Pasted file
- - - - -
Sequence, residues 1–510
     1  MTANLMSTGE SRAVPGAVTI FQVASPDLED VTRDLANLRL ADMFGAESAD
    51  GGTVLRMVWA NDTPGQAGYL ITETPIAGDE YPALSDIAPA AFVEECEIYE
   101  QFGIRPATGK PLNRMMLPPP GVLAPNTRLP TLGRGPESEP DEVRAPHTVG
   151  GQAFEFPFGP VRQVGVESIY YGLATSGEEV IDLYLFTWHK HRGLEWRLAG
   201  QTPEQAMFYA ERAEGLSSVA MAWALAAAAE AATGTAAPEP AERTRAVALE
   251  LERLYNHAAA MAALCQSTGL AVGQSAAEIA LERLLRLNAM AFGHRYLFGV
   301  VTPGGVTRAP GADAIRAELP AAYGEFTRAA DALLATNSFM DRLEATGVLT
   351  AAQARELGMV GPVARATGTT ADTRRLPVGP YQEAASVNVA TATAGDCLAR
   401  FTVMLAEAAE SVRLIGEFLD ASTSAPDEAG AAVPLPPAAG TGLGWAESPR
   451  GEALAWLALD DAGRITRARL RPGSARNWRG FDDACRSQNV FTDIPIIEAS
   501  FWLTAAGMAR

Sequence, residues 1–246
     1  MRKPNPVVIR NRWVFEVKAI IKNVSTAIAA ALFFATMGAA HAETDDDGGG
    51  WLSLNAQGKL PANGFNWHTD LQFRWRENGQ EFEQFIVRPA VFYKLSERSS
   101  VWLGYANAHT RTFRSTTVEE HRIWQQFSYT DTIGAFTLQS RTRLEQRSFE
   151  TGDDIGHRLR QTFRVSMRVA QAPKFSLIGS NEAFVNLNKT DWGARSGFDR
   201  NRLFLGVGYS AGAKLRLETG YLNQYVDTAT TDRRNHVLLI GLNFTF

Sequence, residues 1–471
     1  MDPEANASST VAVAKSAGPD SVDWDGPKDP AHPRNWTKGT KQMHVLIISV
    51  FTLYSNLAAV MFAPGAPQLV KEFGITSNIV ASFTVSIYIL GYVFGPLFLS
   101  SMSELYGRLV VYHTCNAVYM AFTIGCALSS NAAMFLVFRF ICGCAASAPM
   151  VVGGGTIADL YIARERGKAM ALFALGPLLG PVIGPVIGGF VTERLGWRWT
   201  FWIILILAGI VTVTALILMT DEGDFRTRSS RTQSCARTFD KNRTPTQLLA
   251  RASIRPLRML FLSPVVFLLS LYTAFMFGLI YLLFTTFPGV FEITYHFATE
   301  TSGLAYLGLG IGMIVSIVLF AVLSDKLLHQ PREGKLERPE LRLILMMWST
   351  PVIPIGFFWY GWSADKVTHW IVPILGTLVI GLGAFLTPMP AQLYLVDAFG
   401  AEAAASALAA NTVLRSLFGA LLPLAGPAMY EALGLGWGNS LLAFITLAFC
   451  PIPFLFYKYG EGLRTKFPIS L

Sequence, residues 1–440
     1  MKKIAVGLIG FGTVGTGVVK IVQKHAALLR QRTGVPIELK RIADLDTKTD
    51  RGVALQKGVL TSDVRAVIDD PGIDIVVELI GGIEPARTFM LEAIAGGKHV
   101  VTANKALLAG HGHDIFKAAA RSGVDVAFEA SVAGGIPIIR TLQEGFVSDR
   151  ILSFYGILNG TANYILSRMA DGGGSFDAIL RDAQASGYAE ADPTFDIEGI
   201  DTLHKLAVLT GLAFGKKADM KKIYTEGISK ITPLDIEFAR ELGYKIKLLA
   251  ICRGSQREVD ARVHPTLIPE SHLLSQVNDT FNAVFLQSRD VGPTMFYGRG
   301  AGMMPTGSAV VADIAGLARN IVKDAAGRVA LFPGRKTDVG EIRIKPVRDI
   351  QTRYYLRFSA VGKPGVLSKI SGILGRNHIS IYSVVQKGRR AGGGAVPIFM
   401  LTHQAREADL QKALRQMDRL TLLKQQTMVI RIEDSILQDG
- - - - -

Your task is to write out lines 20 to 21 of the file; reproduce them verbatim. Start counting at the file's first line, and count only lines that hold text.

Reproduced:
     1  MDPEANASST VAVAKSAGPD SVDWDGPKDP AHPRNWTKGT KQMHVLIISV
    51  FTLYSNLAAV MFAPGAPQLV KEFGITSNIV ASFTVSIYIL GYVFGPLFLS